- Onall QR Code Scanner No Ads (Android 4.2+, not currently on Play Store)
- Reads QR codes with comparatively little 'nonsense'. Android 9 and some Android 6+ devices bundle this functionality so won't need this app. Android 4.0 and 4.1 devices won't be able to run Onall's app and might be stuck with the advertisement-funded "QR Code Reader" by "Sustainable App Developer" which lost its "No Ads" tag in November 2018. (This latter app also has a zoom function which makes it more suitable for scanning QR codes at a distance.)
I now have a separate page about sound-recorder apps.You might also wish to check:
- Your local transport authority or bus company (if you are a bus user), for example Cambridgeshire's "MyBusTrip" (annoyingly listed under M by Simple Home; this can be worked around by assigning it a place on the dial-pad) presents the same data as on the bus stop signs, which might be useful if your stop lacks a sign or you're not close enough to see it; some buses are actually tracked while others are just assumed to be in their timetabled locations. See also nextbuses.mobi although I'm not sure if they always use the same data.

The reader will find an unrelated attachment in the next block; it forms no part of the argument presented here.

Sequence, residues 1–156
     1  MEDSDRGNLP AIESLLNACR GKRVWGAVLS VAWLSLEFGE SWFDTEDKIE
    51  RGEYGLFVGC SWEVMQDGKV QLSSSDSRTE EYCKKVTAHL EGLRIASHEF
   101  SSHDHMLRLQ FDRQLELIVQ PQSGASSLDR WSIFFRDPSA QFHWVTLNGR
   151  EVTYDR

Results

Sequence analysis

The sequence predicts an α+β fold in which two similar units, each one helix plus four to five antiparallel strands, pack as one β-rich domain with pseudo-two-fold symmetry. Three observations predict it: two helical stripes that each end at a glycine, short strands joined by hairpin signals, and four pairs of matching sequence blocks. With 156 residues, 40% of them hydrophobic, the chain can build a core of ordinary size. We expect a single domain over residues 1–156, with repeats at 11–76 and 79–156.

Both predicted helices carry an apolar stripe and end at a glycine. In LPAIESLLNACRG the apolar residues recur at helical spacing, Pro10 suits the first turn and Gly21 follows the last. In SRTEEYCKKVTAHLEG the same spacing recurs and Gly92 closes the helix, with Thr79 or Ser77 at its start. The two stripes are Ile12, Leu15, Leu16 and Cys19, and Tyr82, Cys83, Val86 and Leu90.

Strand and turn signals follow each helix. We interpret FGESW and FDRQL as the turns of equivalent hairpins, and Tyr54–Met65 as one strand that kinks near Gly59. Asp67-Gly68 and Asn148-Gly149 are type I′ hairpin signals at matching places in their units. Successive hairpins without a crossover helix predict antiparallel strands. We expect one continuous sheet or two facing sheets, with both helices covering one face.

- Your bank: they just might have an application that works better than their website (for some tasks), although few if any banks test on all versions of Android so don't be surprised if they break it
- Any large marketplace site you sometimes happen to use (again their application might work better than their website for some tasks, but might break on some versions of Android)
- Any other large organisation(s) you're associated with might have applications to expedite access to their servers and/or reading material, which might be worth checking (especially if they allow offline use)